6 Common Child Health Issues

6 Common Child Health Issues

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As a parent, we know you can’t help but worry about the wellbeing of your child. And your worst nightmare is your child falling ill. But the fact is children have comparatively weaker immunities, which is why they are more prone to illnesses than adults.

The good news is that, in case of most illnesses; timely action ensures that your child will get healthy again in no time. For that, parents need to familiarise themselves with some of the most common childhood illnesses.

Common cold

Most children get this at least once a year. Its symptoms include:

  • Runny nose
  • Sore throat
  • Coughing and sneezing
  • Feverishness
  • Loss of appetite

The common cold goes away on its own. Just ensure that your child drinks plenty of fluids. Foods that are light on the stomach also help.

Bronchitis

Bronchitis is an infection of the lungs and it is more serious than the common cold. It leads to inflammation of the alveoli of the lungs. It is a common childhood illness. which triggers:

  • Whistling sounds when the child breathes in
  • Rapid shallow breathing
  • Laboured breathing

If you notice these symptoms, it is best that you consult a doctor. Your child will need medicines. Steam inhalation, warm soups will make your child feel better. Make sure no one smokes in his/her presence.

Stomach flu

Stomach flu is an infection of the stomach. Unfortunately, it happens quite frequently to children. The usual symptoms are:

  • Stomach cramps
  • Nausea
  • Vomiting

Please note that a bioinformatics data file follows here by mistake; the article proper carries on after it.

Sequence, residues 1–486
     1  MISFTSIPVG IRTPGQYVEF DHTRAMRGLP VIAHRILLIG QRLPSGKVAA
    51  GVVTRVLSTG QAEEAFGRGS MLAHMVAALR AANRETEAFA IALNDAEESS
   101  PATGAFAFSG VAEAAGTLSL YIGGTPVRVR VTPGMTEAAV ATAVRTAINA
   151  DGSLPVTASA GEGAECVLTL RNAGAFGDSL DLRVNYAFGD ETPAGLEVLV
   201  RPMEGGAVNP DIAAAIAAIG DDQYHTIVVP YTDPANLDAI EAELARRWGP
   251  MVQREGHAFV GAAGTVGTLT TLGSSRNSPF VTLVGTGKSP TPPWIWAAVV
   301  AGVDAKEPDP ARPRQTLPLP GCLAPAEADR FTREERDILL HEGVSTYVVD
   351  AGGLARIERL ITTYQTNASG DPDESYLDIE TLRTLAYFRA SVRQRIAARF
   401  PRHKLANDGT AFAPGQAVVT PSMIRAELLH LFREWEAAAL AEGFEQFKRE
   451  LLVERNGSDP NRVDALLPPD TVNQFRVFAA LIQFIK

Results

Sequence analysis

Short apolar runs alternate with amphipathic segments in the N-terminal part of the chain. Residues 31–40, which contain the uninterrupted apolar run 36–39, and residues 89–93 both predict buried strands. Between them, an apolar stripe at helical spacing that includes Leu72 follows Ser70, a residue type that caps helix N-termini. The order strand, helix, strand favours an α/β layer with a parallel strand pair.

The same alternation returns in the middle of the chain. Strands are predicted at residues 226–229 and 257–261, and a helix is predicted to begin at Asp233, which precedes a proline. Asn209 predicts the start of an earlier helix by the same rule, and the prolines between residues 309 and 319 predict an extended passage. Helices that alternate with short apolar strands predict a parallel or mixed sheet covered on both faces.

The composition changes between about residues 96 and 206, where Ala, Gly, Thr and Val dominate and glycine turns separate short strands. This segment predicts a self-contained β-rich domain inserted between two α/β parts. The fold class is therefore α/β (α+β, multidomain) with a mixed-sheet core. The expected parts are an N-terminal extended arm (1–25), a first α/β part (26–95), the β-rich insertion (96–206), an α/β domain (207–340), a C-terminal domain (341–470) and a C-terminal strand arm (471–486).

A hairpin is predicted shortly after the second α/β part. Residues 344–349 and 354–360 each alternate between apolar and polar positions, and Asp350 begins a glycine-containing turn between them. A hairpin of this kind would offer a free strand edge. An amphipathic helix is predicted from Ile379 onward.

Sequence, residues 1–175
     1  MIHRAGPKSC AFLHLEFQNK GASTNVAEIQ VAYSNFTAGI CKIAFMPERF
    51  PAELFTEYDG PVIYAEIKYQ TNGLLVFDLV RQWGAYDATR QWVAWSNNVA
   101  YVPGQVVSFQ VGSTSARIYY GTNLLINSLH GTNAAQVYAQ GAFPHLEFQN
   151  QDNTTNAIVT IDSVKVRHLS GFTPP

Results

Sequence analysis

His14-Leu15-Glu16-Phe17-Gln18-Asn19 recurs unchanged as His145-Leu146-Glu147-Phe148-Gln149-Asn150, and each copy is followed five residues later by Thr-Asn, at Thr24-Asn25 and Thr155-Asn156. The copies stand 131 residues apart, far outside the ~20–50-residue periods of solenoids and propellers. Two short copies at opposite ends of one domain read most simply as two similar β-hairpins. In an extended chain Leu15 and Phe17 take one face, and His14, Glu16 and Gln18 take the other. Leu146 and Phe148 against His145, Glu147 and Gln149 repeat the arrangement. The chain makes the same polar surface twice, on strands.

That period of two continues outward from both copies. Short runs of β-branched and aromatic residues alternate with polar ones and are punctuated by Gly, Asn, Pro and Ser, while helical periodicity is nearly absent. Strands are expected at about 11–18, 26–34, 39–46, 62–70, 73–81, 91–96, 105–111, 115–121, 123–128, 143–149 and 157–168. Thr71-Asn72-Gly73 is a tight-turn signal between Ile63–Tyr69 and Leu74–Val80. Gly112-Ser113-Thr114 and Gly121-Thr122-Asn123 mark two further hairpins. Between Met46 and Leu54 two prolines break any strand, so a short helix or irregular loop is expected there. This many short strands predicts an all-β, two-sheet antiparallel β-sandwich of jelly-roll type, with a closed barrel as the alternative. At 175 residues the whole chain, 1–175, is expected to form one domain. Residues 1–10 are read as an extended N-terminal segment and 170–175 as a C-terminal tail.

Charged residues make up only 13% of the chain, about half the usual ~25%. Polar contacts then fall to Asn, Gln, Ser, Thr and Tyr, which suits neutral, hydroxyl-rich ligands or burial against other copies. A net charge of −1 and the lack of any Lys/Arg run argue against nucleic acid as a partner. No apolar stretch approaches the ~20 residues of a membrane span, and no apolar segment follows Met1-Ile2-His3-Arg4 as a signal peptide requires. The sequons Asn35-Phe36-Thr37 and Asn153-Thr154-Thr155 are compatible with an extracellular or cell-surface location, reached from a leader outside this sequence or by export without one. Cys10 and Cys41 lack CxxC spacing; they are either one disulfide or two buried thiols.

• Watery stool
  • Defecating multiple times

Stomach flu usually goes away on its own. Just make sure that your child consumes only fluids and broth until the stomach infection passes. If the symptoms seem too severe, consult a doctor who will give your child antibiotics. Stomach flu can progress to a condition similar to diarrhoea, unless parents give their child the right medicines. Advanced stomach flu can require hospitalisation.  

Hand, foot, and mouth disease

Hand, foot, and mouth disease is a very contagious viral infection. Your child may contract it while using a public washroom if he/she comes in contact with an infected person’s faeces, saliva, or any respiratory secretion. It is quite common amongst children under 5 years of age. This infection is usually mild and goes away without medical intervention in about 10 days.

Its symptoms include:

  • Blisters in the mouth
  • Small rashes on the hand or feet
  • Fever Sore throat
  • Loss of appetite

Make sure your child gets complete bed rest and lots of fluids. A soft diet comprising porridge or soup is recommended. OTC fever medicines can help with some of the symptoms.

Chickenpox

Despite vaccination, many children and teenagers contract chickenpox. This is a contagious viral infection and as a parent, you too have to be cautious if you haven’t been vaccinated or haven’t contracted the disease in the past.

The most characteristic symptoms of chickenpox are:

  • Rashes all over the body
  • Itching
  • Blisters
  • Fever

Speak with your podiatrist. Chickenpox is usually harmless and runs its course without triggering complications. Clip your child's nails so that he/she cannot pop the blisters.

Childhood asthma

Most people with asthma actually have been suffering from it since childhood. Adult-onset asthma is rare. Noticing these symptoms can helps with initial diagnosis:

  • Frequent bouts of coughing that get far worse with the common cold or flu
  • Breathing with difficulty
  • A wheezing sound which accompanies breathing

These symptoms may show up multiple times a year and may get worse when exposed to irritants or pollutants. See a doctor immediately who will run a few tests to diagnose asthma. Your child will be given an inhaler. Make sure that the inhaler is always near. Your child should always wear a mask to reduce exposure to pollutants.

If you want to know how you can improve your child’s immunity, you can always talk to a doctor online on DocsApp.

Conclusion

Always keep a close eye on your child. At the first sign of an illness, take action. Waiting and delaying can have unpleasant consequences.